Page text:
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Gabrielle Union

Gabrielle Union defends all men who like to have their booty eaten too

Jhene Aiko walked so Gabrielle Union could run.

The ass eating conversation that was inspired by Aiko’s “eat the booty like groceries” line from the Summer 2014 smash “Post To Be” has now taken on new life thanks to 44-year-old actress, and wife of Dwyane Wade, who spoke on eating ass this past weekend.

The Being Mary Jane star stopped by ‘Sway In The Morning‘ to promote her new memoir, We’re Going To Need More Wine, where receptivity in the bedroom became the center of discussion.

In response to the idea that most men do like their butt eaten, Union responded:

“That’s what they’re saying but that’s not what’s happening.”

As you can imagine, Union’s quotes had the internet in shambles this past Friday.

Union told ‘The Breakfast Club’,

“Listen, it’s all about equality and a lot of times especially women feel like I’m going to lose him if I don’t do XYZ and there’s never any thought to the woman enjoying, or having any expectation of enjoying sex. I’m just a vessel for somebody else’s sexual gratification, and we have to take that back. We have to demand equality everywhere.”

Gab had Twitter going up, but also ended up making room for a fruitful conversation on sex positivity.

Besides, Gabrielle never shies away from any topic, although her hubby may be slightly sick by her airing their business.

At the end of the day it’s all about what you’re comfortable with. Conversations like these, where we dispel the notion that someone is wrong or weird for doing what they love, is how more people end up satisfied in bed.

So props to Union for that.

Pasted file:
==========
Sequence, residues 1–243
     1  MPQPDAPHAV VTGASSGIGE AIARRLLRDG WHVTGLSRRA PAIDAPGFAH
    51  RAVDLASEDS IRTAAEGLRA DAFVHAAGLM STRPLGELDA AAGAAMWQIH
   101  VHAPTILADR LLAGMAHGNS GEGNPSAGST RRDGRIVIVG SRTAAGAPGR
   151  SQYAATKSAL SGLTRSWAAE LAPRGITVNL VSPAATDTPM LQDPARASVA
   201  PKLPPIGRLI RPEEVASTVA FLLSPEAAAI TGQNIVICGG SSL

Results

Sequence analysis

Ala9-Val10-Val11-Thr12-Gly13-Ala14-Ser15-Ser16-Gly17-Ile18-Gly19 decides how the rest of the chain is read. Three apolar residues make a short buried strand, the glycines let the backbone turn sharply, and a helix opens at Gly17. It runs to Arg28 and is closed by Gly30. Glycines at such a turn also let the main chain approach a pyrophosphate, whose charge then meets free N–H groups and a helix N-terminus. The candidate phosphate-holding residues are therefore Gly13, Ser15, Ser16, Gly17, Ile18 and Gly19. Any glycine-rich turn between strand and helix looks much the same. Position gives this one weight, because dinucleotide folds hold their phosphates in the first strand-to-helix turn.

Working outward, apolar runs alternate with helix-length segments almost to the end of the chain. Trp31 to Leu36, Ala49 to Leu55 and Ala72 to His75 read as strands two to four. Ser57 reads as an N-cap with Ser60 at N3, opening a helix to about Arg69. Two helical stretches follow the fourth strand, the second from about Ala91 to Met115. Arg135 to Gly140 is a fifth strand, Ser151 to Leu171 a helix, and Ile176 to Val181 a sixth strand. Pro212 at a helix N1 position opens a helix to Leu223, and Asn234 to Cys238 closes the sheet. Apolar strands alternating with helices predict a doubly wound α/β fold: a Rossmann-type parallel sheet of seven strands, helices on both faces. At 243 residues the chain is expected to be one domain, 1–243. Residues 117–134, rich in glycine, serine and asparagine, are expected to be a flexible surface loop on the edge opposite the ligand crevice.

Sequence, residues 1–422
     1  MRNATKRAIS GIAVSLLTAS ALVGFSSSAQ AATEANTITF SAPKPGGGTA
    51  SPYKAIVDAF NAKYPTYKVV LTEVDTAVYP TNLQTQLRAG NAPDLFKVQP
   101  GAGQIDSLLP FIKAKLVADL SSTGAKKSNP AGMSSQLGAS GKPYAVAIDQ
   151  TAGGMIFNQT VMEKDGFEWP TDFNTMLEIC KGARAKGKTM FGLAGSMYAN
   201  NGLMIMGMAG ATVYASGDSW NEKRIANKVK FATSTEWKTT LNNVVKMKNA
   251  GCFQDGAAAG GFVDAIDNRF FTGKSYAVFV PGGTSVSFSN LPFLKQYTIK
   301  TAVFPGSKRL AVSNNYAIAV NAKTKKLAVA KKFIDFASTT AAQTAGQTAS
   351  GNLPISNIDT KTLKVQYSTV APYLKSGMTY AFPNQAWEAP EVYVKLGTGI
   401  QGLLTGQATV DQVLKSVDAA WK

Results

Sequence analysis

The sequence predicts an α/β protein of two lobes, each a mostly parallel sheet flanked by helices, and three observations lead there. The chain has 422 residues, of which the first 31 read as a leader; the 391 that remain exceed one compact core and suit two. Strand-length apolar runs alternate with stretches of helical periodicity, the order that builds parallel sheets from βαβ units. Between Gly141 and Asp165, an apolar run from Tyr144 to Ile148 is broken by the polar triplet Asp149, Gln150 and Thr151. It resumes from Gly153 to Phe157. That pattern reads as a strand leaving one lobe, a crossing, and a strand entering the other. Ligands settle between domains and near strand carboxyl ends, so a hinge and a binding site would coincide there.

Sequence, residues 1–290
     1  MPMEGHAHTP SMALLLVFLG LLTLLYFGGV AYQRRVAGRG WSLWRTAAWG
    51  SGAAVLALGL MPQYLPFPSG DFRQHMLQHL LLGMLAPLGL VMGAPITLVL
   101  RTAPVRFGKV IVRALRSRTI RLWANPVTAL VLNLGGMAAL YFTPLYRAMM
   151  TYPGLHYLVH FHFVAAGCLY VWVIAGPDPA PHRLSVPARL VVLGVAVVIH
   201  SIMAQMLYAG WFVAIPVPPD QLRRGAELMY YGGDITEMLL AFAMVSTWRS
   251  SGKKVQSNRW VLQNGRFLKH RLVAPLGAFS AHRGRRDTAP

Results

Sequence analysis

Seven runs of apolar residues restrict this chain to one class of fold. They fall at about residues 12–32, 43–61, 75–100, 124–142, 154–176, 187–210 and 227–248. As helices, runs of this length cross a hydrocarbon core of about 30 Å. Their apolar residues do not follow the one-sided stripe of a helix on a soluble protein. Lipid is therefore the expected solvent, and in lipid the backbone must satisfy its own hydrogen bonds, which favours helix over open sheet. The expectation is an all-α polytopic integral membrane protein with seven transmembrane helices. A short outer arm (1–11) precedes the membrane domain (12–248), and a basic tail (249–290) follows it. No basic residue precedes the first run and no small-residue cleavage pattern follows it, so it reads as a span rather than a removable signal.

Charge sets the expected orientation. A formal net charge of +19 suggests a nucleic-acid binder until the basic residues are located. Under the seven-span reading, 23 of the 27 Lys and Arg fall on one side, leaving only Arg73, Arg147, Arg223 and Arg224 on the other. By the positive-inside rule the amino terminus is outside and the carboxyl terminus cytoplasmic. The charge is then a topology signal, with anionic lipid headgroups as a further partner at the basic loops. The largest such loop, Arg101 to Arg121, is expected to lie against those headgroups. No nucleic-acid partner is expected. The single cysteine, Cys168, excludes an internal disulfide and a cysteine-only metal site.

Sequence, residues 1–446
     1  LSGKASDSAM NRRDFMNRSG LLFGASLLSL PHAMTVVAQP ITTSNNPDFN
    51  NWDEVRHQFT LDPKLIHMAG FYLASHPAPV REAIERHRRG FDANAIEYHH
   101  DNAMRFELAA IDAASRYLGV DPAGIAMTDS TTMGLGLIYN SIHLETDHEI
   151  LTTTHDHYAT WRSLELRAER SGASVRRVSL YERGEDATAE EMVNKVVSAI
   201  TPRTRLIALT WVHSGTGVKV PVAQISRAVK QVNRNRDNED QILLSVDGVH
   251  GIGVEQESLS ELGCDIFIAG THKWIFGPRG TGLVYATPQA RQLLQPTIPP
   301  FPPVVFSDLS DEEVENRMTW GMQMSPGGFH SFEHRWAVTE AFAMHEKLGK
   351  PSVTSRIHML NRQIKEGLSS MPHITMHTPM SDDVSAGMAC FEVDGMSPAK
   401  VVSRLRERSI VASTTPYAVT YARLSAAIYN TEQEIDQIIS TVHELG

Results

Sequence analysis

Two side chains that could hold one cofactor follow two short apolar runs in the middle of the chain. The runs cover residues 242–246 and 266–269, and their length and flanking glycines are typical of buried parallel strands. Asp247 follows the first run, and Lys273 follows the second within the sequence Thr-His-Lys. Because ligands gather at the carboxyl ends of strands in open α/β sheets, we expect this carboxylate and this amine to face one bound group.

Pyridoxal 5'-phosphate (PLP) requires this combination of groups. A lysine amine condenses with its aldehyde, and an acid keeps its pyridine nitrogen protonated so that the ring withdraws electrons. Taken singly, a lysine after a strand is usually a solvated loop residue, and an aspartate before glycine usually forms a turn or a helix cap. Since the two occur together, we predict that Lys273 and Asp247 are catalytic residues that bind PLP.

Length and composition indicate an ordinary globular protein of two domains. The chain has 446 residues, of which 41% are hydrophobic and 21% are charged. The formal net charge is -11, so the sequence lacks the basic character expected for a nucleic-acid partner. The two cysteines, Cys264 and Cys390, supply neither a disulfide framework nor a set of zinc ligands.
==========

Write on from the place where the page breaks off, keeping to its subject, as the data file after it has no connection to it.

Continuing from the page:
If you’re a man out there that enjoys a little rim action from time to time, do you. Live your best life, King. Don’t let society prevent you from getting whatever pleasure you want.


When we become less judgmental as a people, you’ll start to see more individuality. And there is nothing wrong with that.

Women victimized by sexual assault are uniting on Twitter with #MeToo

Right now, Twitter is filled with #MeToo replies in response to the recent Harvey Weinstein accusations that led to Rose McGowan’s Twitter suspension.

McGowan has claimed that Weinstein raped her and even spoke openly about it at the time, but was kept silent by several people in the industry.

She launched a series of tweets aimed at Hollywood personalities and execs.

Harvey Weinstein allegations have been flooding the news since revelations worth decades of assault became public, leading to the film executive being  taken out of the Academy of Motion Picture Arts and Sciences on Saturday.

Alyssa Milano, McGowan’s Charmed co-star tweeted earlier today, “If you’ve been sexually harassed or assaulted write ‘Me too’ as a reply to this tweet.”

She promptly sent, “Me too” herself.

Celebrities from across the Hollywood spectrum have shared their thoughts on #MeToo.

Gabrielle Union has opened up on Twitter, saying that the importance of exposure is why she mentioned her experience with rape in her recent new novel, We’re Going to Need More Wine.

There’s been a huge response to anti-sexual harassment that’s taken over social media.

Hollywood celebrities and non-celebrities alike have spoken openly about rape and sexual harassment cases.

Heavy made a collection of Hollywood’s most subtle hints over the years that show how Weinstein’s behavior was a well-kept secret.

You can see how actors and actresses take snubs at Weinstein in a low-key but pretty high-key way.

Organizations like the Women’s March have shown their support for this year’s spike in the feminist movement by putting together a Women’s Convention taking place from October 27-29th in Detroit.

If you’ve been a victim of sexual assault, don’t be afraid to speak up or hold back. No woman or man should have to stay silent. If you’re a victim and need someone to talk to, don’t hesitate to call the RAINN’s Sexual Assault hotline.

The hope is we’ll see an end to this treatment of men and women alike.

#MeToo is still guiding us forward in our pursuit of an equal world, but we still have a long way to go.